• Sometimes it will be at home, and sometimes your will be in the hospital so you can be monitored 24/7. For many, the hospital is a blessing and a curse. It takes some pressure off of you and your partner because there is no guessing involved; the hospital staff is watching so closely and you will know if anything at all is wrong. But it can be quite hard to have week after week in the hospital, away from your other children if you have any, away from your life. 
  • If you do end up on bed rest to try and keep in mind that any discomfort (mentally or emotionally) is temporary and is to ensure that your babies will have the best chance at a good start in life. Take it one day at a time and focus on staying pregnant, not on having a premature birth. 
  • Set little goals like: "get to 26 weeks, 28 weeks, until my friend get back from her  trip etc." Have a schedule whether at home or in the hospital. Set your clock for a specific time to wake up, have breakfast and watch your partner get ready for work. Perhaps there are TV shows you watch in the morning, have lunch...always have something to do.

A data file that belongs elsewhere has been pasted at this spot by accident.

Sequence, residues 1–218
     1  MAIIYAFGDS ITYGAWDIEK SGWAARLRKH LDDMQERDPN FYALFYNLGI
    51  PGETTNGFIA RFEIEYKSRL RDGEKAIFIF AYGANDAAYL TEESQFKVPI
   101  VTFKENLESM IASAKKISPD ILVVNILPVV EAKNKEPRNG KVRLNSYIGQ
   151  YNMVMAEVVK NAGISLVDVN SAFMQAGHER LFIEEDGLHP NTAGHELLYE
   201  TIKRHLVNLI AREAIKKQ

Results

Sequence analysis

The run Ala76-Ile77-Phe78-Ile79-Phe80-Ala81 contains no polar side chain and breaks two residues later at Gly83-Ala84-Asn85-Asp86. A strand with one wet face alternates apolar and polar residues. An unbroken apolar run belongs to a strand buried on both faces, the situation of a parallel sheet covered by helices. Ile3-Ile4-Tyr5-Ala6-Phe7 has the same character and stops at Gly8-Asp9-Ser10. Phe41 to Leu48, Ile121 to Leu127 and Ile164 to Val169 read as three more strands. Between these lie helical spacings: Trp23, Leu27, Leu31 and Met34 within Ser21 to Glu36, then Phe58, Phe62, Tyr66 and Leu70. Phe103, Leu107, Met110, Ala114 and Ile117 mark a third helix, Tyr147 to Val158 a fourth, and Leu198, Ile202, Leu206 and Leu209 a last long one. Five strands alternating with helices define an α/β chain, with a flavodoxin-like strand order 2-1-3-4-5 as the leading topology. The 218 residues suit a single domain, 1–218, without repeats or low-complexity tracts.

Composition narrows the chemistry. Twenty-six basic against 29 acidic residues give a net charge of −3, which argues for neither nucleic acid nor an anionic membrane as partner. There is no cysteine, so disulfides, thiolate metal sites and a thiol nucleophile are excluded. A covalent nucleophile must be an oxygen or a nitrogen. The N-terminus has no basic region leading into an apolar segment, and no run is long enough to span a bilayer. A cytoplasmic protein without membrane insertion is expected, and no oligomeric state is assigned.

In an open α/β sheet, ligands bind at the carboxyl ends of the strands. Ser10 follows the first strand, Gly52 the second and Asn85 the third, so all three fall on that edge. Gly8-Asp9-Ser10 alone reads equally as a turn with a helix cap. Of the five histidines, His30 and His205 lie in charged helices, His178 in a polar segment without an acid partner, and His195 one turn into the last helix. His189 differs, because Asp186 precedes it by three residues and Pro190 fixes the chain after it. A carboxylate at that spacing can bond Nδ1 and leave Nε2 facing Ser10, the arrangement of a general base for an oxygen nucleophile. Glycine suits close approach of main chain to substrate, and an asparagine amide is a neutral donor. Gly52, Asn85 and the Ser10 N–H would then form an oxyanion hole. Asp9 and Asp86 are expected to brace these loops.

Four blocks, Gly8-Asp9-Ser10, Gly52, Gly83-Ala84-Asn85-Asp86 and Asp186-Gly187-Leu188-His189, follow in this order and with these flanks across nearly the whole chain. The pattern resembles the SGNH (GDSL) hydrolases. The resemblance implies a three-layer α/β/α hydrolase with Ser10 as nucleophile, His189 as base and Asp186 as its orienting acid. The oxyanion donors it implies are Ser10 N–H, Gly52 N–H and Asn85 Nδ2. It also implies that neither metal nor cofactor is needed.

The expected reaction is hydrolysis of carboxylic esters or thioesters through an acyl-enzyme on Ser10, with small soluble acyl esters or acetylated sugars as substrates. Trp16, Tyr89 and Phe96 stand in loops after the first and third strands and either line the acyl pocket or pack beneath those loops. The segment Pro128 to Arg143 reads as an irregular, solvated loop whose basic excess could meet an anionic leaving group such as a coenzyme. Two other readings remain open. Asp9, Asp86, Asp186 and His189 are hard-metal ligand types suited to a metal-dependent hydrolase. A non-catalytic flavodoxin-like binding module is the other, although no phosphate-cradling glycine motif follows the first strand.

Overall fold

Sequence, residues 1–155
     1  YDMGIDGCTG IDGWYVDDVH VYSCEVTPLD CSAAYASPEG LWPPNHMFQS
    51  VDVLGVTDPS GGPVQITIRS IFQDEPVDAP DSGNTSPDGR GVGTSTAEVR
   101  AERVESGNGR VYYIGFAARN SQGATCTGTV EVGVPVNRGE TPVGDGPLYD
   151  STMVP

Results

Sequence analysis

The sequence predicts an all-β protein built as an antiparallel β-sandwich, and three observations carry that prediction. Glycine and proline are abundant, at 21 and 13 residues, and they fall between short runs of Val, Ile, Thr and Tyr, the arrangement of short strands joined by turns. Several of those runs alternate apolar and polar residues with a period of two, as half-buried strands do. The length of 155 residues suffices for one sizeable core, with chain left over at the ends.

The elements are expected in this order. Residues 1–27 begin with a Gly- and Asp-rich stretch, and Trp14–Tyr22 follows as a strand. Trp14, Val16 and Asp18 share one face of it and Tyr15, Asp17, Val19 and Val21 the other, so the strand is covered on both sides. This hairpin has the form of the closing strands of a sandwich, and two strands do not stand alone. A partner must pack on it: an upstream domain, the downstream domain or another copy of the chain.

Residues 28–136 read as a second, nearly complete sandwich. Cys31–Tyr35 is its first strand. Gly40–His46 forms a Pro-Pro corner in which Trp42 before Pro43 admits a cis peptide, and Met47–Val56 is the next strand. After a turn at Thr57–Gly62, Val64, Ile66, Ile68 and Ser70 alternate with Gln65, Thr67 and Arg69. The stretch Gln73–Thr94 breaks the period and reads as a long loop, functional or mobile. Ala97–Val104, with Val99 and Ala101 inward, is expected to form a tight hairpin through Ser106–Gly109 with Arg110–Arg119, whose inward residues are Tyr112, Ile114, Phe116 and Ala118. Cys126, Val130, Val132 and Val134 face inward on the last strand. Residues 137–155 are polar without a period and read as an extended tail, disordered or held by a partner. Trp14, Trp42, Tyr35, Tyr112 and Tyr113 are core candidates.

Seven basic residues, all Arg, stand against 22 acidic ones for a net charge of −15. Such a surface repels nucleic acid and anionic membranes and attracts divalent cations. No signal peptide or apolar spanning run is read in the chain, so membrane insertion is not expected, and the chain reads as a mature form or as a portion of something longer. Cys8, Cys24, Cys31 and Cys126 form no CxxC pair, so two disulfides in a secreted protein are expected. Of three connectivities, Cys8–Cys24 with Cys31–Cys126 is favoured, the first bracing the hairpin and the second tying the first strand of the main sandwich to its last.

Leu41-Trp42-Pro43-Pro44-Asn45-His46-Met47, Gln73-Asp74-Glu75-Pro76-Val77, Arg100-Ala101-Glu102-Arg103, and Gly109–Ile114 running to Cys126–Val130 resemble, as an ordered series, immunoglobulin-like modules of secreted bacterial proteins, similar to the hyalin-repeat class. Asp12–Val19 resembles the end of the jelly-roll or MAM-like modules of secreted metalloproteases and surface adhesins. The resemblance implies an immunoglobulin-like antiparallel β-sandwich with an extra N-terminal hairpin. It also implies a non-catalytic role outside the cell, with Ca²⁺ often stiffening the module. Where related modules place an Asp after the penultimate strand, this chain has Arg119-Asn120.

• Stay hydrated and empty your bladder; both are really important and a great help in avoiding preterm labor. 
  • Join an online support group. There are many specifically made up of other mothers on bed rest. While not all are expectant mothers of twins, they are all going through many of the same roller coaster of emotions you are. It is beyond helpful to connect with people who share your experience and be able to talk about everything you're going through. Some of the support groups include: Baby Center's Bedrest Club and if you've gone through fertility treatments the support groups at Resolve are amazing. Another fantastic place for support and information is Sidelines
  • Although you will be online a lot, DON'T search the internet about your condition. It will only make you crazy. Trust your doctors and concentrate on staying pregnant.
  • Remember that supermarkets like Vons and Bristol Farms deliver. If you do this, have food delivered on a day when a housekeeper/nanny or another set of hands is around to help unload and put away.